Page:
Ann Curry Says 'I Did Not Have A Button In My Office' At ‘Today’

It seems not all offices at NBC's Today were equipped with a hidden lock button.

Fomer Today co-host Ann Curry, who has been doing the talk show rounds to promote her new PBS show We'll Meet Again, paid a visit to The View Tuesday and answered some questions about her former colleague Matt Lauer.

"You were the victim of quite a bit of abuse, if it was not sexual, it was a nasty behavior toward you… And you said you became inured to it," Joy Behar said to Curry.

"Places where we work can be a little bit like a Hall of Mirrors," Curry said. "All of a sudden, things you would never imagine that you would accept or tolerate, you start to get used to and say, 'This is what I need to do to carry the ball forward.' "

Curry, who has steered away from commenting on Lauer's firing and sexual misconduct allegations directly because of a non-disclosure agreement according to Page Six, continued by steering the conversation toward awareness of victims of harassment and abuse.

"Women all across this country, in all kinds of industries are doing that," she said, but are finally saying "enough is enough." Conversation should focus on the victims.

Behar brought the conversation back to Lauer saying, "in a way you are a victim... Let me ask you – just nod if it's true – Did he have a button in his office?"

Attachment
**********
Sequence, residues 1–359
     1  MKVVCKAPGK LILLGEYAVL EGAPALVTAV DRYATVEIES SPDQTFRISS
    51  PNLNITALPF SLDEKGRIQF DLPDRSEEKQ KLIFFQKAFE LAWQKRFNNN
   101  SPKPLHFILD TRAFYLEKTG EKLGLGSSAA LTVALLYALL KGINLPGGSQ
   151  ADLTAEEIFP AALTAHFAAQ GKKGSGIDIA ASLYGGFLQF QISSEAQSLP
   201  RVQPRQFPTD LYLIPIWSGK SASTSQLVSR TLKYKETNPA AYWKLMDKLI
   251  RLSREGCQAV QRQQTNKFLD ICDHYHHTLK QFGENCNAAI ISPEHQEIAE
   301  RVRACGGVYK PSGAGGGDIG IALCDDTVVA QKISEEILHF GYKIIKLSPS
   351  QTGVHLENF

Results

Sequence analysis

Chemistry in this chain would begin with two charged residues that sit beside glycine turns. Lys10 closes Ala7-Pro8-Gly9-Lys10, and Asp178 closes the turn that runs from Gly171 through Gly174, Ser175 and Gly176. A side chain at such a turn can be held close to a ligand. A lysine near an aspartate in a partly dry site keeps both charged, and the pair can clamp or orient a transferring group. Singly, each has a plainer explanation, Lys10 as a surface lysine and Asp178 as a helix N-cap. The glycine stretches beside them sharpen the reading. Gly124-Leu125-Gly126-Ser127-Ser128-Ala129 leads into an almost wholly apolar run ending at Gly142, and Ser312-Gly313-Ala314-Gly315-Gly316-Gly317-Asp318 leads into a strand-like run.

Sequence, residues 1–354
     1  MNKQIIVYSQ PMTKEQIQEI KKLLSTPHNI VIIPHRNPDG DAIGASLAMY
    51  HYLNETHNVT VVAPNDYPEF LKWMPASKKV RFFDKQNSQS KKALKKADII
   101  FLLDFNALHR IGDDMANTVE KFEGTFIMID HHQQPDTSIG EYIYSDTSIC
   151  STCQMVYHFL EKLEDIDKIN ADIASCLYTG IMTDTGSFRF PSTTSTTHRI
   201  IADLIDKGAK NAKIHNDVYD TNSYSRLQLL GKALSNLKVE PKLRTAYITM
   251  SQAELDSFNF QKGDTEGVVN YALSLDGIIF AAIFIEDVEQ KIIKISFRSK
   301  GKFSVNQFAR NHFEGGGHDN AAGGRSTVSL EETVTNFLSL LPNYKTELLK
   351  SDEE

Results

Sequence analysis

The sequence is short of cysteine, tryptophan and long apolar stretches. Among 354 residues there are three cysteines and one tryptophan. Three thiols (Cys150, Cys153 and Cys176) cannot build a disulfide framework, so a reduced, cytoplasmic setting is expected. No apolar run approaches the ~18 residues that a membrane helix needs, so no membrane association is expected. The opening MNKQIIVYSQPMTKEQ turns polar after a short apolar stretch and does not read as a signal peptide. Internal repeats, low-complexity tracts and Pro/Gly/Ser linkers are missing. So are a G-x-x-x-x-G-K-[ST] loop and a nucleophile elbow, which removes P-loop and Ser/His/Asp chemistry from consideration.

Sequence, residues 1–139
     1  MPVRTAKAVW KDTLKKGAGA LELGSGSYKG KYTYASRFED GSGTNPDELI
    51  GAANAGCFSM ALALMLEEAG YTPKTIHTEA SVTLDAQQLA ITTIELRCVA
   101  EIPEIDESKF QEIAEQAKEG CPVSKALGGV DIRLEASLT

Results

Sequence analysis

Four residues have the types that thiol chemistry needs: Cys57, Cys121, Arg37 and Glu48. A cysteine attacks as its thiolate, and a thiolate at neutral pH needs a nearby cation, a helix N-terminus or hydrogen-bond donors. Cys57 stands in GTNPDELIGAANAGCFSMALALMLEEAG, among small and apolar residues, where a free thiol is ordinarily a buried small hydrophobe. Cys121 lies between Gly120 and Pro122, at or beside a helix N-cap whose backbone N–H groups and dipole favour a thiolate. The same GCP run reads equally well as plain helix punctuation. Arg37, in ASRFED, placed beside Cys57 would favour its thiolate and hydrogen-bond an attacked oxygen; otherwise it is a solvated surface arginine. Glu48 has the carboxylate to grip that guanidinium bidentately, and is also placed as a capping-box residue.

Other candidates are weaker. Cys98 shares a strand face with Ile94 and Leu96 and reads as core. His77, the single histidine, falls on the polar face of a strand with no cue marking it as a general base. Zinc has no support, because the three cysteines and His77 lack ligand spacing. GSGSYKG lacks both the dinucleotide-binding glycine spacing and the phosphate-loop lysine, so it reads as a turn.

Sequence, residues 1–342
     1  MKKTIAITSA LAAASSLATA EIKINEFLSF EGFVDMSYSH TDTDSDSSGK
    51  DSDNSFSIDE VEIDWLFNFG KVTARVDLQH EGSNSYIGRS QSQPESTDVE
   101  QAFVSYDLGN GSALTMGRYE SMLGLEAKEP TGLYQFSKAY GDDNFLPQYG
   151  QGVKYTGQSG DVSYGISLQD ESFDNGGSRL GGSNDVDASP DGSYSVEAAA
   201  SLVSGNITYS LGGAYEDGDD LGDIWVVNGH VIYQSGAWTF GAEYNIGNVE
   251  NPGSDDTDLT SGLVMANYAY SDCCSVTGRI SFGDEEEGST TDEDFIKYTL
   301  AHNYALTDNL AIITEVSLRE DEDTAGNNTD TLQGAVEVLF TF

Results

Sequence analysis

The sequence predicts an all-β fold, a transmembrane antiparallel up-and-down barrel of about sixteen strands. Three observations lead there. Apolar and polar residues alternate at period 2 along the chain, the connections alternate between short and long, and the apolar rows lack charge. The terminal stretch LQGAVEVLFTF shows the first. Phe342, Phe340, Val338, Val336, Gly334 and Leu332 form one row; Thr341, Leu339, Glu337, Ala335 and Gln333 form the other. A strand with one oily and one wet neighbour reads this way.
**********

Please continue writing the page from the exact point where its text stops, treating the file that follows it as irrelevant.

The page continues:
"This is the allegation that he had a button in his office, that a girl was in the office and he could lock her into the office. Am I right or wrong?" Behar continued.

Curry responded by saying she couldn't confirm by her personal experience.

"Did you have a button in your office?" Behar pressed. "I did not have a button in my office," Curry responded.

"Okay – that's the answer!" Behar told viewers.


According to AOL, Curry spoke about Lauer's firing Monday on The Late Show with Stephen Colbert saying, "I think that we're not really done fixing the problem. We are a long way from fixing the problem."

"It's more than a conversation. It's about action and it's about not just telling people they can't do certain things. It's about changing the dynamic, the power balance within companies so that women are not seen as people who could never rise to the top. Once we figure that out, we might have a chance to figure this out," she said.